The rocket Arianne-5 taking off in French Guiana.

The rocket Arianne-5 took off from the European Space Agencies launch site in French Guiana ©ESA.

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Juice mission launches to look for possibility of life on Jupiter's moons

The European Space Agency (ESA) has launched a new space mission to study the moons of Jupiter.

On 14 April 2023, the Jupiter Icy Moons Explorer (Juice) mission blasted off from French Guiana. The mission's spacecraft is now hurtling towards the largest planet in the Solar System to see if its moons have the potential to support life. 

One of the most enduring questions about space is whether or not there is extra-terrestrial life in the Solar System.

A new ESA mission to Jupiter is hoping to find any possibility that other celestial bodies in the Solar System have the potential to support life. Blasting off from Europe's Spaceport in Kourou, French Guiana, the Juice mission will head for the moons Ganymede, Callisto and Europa.

Dr Helena Bates, a space researcher at the Museum who is not involved in the mission, says, 'The Juice mission is investigating some of the most intriguing bodies in the Solar System when it comes to the potential to support life.'

'It's a truly amazing mission which I think is going to change our understanding of habitability in our Solar System.'

The moons of Jupiter have been identified as having some of the highest potential to support life because some of them are known to have liquid oceans of water beneath their icy surface.   

Professor Carole Mundell is the Director of Science at ESA. She told the BBC, 'In every extreme environment on Earth, whether that's high acidity, high radioactivity, low temperature, high temperature - we find microbial life in some form.'

'If you look at the vents at the bottom of Earth's oceans, these even look like alien worlds. There's no reason why that microbial life should not be able to exist elsewhere, if we have similar conditions. And it's those conditions that we want to study with Juice.'

A picture of Europe, with its white surface scarred with pinkish lines.

Europa is one of the moons that Juice will flyby,  searching for suitable conditions for life beneath its surface ©ESA.

What is the Juice mission and what does it hope to find?

The Juice mission is the latest major project from ESA, hoping to study the moons of Jupiter to see if they are conducive for life.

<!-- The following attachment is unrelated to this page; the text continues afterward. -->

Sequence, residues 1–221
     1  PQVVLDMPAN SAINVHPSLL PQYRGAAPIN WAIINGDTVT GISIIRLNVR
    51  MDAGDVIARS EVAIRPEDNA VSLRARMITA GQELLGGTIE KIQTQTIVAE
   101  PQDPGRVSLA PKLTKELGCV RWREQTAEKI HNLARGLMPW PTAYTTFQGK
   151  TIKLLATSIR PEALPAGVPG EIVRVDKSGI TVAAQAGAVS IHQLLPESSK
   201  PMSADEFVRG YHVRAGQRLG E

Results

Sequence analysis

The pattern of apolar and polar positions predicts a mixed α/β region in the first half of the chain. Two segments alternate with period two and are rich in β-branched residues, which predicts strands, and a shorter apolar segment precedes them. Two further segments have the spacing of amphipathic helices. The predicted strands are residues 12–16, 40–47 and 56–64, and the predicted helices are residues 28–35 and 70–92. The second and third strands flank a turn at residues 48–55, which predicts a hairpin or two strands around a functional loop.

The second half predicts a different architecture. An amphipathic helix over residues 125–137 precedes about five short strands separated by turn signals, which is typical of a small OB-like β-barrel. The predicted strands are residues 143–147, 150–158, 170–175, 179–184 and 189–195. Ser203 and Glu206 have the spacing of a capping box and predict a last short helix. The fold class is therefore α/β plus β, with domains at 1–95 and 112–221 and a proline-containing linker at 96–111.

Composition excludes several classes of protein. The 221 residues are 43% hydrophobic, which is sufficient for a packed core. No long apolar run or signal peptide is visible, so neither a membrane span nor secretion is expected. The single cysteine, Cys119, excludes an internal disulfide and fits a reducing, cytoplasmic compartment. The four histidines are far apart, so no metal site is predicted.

The spacecraft will perform 35 passes within 400 kilometres of the surface of three of the gas giant's moons: Ganymede, Callisto and Europa. Eventually it will settle into orbit around Ganymede, where the 10 scientific instruments on board will take photographs, analyse the surface and map sub-surface features.  

From the detailed measurements taken scientists will have an unprecedented account of the moons' hidden oceans, particularly on Ganymede. The instruments will be able to reveal not only how deep the oceans are, but also the salt content, the depth of the crust and even if the ocean is in contact with the crust.

It is thought that if life were to exist somewhere in the Solar System, these moons would be a good candidate. 

An artists rendisiton of the satellite flying over the surface of Ganymede, with Jupiter visible in the background.

Juice will eventually settle into orbit around Ganymede, where it will map the moon in unprecedented detail ©ESA.

'Even though the Jovian system is much further from the Sun than Earth, and temperatures are much colder, some of the moons of Jupiter are thought to have liquid water oceans,' explains Helena. 'This is because Jupiter is so big it produces incredibly strong tidal forces, stretching and squeezing its moons.'

'This process generates heat, which we think is enough to melt ice within these moons into liquid water. That's particularly important because on Earth, wherever you find liquid water you find life. So it is not a stretch to think that if there is liquid water on Ganymede, Callisto and Europa, that there might be the potential for life as well.'

The spacecraft will take a circuitous path to reach Jupiter. The Arianne-5 rocket attached to the satellite does not have enough power to send it directly to Jupiter within a useful timeframe, so it will first travel around the inner Solar System, performing a flyby past both Venus and Earth in order to get enough of a gravitational boost to sling it further out towards Jupiter.

This is expected to take Juice around eight years, with the satellite scheduled to reach its final destination sometime around July 2031.